Milwaukee officials urge 65+ age group to register for vaccine appointments; walk-ins not accepted

NOW: Milwaukee officials urge 65+ age group to register for vaccine appointments; walk-ins not accepted


MILWAUKEE (CBS 58) -- Milwaukee's mayor said the city will begin vaccinating people 65 and older next week at the Wisconsin Center.

But city and county health officials warn the supply still has not caught up with the overwhelming demand.

"It's critical to remember that in this time of national vaccine shortages, unfortunately, eligibility does not mean availability," said Dr. Ben Weston, director of medical services for the Milwaukee County Office of Emergency Management.

By the end of the day Thursday, Jan. 28, Milwaukee Mayor Tom Barrett said more than 4,600 vaccines will have been administered in total.

Barrett said the 65 and older age group will get vaccinations at the Wisconsin Center starting on Monday, Jan. 28. The vaccinations will only be by appointment, and walk-ins will not be accepted.

"I don't want people to rush in there and be disappointed. Make sure you're working through either calling the health department or going to the website to make the reservation and have them contact you," Barrett said.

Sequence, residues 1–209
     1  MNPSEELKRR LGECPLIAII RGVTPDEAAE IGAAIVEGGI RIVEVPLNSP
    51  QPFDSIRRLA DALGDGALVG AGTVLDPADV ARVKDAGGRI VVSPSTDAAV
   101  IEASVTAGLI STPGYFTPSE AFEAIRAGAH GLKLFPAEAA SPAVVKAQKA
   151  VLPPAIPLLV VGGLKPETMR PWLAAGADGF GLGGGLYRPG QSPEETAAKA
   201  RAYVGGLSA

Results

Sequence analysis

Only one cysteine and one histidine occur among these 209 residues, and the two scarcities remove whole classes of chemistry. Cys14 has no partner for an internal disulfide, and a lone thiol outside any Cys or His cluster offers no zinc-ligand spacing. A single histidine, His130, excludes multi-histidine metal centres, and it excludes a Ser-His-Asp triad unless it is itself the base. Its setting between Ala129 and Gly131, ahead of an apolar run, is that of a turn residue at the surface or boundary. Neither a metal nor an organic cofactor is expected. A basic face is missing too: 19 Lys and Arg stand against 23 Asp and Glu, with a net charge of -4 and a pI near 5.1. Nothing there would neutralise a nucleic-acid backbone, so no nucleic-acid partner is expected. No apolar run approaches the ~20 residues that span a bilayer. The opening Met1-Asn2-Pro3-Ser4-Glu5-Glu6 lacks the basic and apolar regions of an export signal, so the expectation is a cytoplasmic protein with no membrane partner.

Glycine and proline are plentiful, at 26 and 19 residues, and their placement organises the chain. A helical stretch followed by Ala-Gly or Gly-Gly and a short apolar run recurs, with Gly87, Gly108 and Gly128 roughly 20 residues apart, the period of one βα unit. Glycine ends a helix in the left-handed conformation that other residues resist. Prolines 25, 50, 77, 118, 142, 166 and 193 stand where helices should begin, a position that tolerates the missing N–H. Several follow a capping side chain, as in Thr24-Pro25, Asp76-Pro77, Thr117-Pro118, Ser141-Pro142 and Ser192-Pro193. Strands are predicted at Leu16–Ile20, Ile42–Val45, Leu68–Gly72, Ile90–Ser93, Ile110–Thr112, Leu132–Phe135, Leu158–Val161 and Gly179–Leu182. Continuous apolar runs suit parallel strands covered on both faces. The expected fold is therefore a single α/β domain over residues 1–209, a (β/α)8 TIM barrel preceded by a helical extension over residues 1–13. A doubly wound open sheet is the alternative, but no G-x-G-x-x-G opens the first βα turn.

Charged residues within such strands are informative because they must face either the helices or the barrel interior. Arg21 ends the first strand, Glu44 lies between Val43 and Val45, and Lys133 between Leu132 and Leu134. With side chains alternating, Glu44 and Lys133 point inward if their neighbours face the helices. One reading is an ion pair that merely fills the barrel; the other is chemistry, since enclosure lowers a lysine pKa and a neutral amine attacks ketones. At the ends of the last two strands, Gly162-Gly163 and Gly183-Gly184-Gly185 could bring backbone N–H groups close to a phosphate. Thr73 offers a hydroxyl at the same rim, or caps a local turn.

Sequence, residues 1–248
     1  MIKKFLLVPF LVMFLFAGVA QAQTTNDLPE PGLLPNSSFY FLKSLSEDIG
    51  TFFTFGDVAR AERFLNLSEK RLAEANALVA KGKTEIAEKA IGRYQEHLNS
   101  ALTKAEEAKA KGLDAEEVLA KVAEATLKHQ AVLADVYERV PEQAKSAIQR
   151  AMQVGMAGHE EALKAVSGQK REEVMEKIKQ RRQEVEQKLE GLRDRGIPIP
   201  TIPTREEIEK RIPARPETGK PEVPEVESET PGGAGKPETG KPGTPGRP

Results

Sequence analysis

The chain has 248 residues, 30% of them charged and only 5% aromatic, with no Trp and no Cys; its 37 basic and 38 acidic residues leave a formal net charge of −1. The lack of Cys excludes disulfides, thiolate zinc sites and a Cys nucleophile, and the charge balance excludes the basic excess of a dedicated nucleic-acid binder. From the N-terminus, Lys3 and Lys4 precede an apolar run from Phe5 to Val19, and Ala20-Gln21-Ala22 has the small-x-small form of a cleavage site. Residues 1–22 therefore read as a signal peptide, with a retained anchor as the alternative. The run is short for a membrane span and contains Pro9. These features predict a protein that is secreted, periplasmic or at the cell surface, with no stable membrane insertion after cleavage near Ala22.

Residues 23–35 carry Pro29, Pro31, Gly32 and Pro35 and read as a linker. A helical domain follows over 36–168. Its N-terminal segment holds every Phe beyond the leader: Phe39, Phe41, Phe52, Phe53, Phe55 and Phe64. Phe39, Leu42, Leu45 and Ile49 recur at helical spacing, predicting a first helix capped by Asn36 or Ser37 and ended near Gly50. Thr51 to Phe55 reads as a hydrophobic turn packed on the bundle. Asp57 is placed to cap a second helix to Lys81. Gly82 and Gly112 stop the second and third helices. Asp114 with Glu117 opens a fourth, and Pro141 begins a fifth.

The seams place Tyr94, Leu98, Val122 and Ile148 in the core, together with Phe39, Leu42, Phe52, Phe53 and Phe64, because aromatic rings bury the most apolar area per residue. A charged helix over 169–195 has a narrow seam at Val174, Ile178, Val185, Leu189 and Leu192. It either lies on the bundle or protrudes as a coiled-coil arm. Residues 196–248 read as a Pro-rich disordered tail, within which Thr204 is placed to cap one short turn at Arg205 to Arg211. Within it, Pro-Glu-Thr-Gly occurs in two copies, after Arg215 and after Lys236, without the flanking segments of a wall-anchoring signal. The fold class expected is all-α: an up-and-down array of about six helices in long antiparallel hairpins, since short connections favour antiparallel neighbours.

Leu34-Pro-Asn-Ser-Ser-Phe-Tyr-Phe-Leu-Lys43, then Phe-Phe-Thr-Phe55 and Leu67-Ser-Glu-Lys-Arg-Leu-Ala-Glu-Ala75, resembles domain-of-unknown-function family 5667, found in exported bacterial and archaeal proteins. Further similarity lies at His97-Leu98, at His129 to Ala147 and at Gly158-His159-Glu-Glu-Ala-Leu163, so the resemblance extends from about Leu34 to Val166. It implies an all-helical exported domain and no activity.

City officials said people 65 and older should register at Then, their health care systems will contact them and they will be directed to the best way to register for an appointment.

"Each of our health care systems are reaching out to their patients as quickly as possible and scheduling tens of thousands of appointments to get this key population safely and efficiently vaccinated," Weston said.

Weston said for people in the older age group who are associated with independent clinics or federally qualified health centers, or do not have a health care provider at all, they should also sign up at

Lisa Lamkins, advocacy director for AARP Wisconsin, said her organization will be pushing for what she calls "lower tech" ways to register for a vaccine, such as a statewide 1-800 number.

"For a lot of folks, especially older folks, they're just not on their computers or their cellphones as much as providers would think that they are," she said.

Lamkins heads AARP's vaccine outreach campaign. She said members and their families have been reaching out with questions. She's encouraging them to start with their own doctor or health system.

"It's great if you can do the appointment or get your name on a list online, but if you can't, don't be afraid to call. I know they're overwhelmed. But this is a time that you need to be an advocate for your own health as well," she said.

Darren Rausch, health officer for the Greenfield Health Department, said there is no need for people in the 65 and older age group to register for multiple lists. He said they also do not need to go to other counties to try and get the vaccine if they live in Milwaukee County.

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